The Prometheus Hall of Fame for Best Classic Fiction

Lipidleggin', a short story by F. Paul Wilson, won the 2021 Best Classic Fiction award and will be inducted into the Prometheus Hall of Fame.

Published in 1978 in Isaac Asimov's Science Fiction Magazine and part of Wilson's Future History series, Lipidleggin' takes a humorous look at a future United States where saturated fats have become controlled substances and rebels resist such government prohibition.

F. Paul Wilson, now a six-time Prometheus Award winner, won the first Prometheus Award in 1979 for Wheels Within Wheels and also won the Best Novel award for Sims in 2004. He's won the Prometheus Hall of Fame award twice before, for Healer, in 1990, and An Enemy of the State, in 1991. Wilson received a Special Prometheus Award for Lifetime Achievement in 2015.

The other Prometheus Hall of Fame finalists were The Winter of the World, a 1975 novel by Poul Anderson; "As Easy as A.B.C.," a 1912 story by Rudyard Kipling; "The Trees," a 1978 song by the rock group Rush; and Emphyrio, a 1969 novel by Jack Vance.

While the Best Novel category is limited to novels published in English for the first time during the previous calendar year (or so), Hall of Fame nominees – which must have been published at least 20 years ago—may be in any narrative or dramatic form, including novels, novellas, stories, films, television series or episodes, plays, musicals, graphic novels, song lyrics, or verse.

Prometheus Awards History

The Prometheus Awards, sponsored by the Libertarian Futurist Society (LFS), was established and first presented in 1979, making it one of the most enduring awards after the Nebula and Hugo awards, and one of the oldest fan-based awards currently in sf. All LFS members have the right to nominate eligible works for the Prometheus Awards.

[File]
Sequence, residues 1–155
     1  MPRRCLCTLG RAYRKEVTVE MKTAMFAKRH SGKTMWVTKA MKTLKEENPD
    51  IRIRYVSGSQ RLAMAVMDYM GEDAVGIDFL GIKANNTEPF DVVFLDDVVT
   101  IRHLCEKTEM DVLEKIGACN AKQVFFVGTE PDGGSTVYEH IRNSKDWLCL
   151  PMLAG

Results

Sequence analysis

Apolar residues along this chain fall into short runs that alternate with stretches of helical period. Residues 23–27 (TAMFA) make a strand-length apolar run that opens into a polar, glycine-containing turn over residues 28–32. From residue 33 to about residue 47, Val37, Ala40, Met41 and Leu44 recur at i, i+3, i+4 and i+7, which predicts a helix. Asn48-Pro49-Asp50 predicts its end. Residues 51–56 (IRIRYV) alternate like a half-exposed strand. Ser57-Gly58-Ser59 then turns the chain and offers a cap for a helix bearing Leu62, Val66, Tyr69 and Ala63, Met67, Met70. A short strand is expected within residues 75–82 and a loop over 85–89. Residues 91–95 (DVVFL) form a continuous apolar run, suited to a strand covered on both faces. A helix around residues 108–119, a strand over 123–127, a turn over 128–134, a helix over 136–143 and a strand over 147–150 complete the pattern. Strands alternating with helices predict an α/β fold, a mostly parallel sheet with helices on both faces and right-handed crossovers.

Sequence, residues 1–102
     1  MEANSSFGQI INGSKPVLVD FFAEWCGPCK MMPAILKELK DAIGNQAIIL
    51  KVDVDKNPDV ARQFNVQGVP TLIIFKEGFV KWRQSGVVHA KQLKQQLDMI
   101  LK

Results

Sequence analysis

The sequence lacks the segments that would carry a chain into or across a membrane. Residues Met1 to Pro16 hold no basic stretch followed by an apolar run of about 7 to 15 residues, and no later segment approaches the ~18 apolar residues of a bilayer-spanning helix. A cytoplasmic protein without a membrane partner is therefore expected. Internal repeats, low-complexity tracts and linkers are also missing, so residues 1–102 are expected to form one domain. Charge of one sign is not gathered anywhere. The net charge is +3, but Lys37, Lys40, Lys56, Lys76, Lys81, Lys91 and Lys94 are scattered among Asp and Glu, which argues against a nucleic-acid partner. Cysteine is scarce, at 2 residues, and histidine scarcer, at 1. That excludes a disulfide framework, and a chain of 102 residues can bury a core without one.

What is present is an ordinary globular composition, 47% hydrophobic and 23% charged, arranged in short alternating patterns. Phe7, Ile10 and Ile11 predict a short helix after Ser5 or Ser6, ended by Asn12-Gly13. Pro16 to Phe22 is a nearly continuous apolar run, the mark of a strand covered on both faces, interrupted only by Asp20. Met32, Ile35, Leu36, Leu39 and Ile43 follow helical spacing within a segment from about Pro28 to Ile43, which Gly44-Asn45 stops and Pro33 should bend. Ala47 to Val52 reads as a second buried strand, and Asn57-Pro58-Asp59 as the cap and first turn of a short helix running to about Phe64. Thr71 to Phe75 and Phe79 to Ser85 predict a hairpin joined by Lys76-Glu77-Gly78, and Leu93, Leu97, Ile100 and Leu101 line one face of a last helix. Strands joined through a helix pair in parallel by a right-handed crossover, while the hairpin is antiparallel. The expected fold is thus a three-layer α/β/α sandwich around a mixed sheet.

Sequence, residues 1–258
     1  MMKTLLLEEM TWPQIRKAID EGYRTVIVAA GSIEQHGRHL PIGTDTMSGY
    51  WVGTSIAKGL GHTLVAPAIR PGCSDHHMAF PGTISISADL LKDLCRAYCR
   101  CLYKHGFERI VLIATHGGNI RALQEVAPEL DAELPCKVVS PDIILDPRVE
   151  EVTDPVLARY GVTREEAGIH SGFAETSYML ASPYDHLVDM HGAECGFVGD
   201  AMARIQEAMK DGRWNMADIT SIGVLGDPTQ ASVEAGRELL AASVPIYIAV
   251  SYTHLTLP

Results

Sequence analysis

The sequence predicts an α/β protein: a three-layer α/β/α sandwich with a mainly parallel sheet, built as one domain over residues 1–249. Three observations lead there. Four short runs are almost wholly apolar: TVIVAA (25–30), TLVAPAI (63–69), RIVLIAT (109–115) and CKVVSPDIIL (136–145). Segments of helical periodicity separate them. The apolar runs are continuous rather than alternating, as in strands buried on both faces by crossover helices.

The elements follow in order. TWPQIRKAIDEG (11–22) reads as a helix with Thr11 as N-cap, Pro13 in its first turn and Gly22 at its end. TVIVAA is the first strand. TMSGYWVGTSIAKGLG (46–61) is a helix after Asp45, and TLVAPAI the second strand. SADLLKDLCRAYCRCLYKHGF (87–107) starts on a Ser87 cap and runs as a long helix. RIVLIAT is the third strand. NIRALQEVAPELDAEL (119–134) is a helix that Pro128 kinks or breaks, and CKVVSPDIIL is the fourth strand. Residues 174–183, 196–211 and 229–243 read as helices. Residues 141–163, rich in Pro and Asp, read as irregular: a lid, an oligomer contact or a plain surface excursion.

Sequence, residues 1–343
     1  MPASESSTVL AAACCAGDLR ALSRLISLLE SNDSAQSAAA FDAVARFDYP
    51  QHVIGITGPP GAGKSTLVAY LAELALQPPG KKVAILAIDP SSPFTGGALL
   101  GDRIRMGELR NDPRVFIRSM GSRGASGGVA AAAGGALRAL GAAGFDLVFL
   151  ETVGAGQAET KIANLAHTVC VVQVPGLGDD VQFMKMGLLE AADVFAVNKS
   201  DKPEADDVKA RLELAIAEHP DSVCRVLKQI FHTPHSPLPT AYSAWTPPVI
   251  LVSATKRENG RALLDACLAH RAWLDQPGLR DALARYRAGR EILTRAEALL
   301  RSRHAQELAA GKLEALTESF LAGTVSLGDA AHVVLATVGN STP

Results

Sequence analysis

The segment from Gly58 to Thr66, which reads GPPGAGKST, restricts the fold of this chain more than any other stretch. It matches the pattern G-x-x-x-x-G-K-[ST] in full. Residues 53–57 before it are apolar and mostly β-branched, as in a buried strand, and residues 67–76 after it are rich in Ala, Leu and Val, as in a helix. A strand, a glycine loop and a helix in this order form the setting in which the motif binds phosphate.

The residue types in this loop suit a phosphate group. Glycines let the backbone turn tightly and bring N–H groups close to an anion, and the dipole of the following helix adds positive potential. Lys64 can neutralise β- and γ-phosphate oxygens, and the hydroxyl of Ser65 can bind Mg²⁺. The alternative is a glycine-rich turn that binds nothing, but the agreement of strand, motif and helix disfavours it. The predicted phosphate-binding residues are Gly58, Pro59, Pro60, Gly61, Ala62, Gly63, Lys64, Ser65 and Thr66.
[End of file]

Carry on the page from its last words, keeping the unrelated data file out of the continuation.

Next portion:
The Prometheus Award has, for more than four decades, recognized outstanding works of science fiction and fantasy that dramatize the perennial conflict between liberty and power. Such works critique or satirize authoritarian trends, expose abuses of power by the institutionalized coercion of the State, champion cooperation over coercion as the roots of civility and social harmony, and uphold individual rights and freedom for all as the only moral and practical foundation for peace, prosperity, progress, justice, tolerance, universal human flourishing and civilization itself.

After separate judging committees select finalists in each annual awards category, LFS members read and rank the finalists to choose the annual Prometheus Award winners.

The Best Novel winner receives a plaque with a one-ounce gold coin; and the Hall of Fame winner, a plaque with a smaller gold coin. Appreciation review-essays of each winner, explaining why LFS members view them as deserving of such recognition, will be published on the Prometheus blog (lfs.org/blog/) as part of our ongoing Appreciation series of all Prometheus winners.

Membership in the Libertarian Futurist Society is open to libertarians interested in how science fiction and other fantastic genres can promote an appreciation of the value of liberty. For more information, visit www.lfs.org.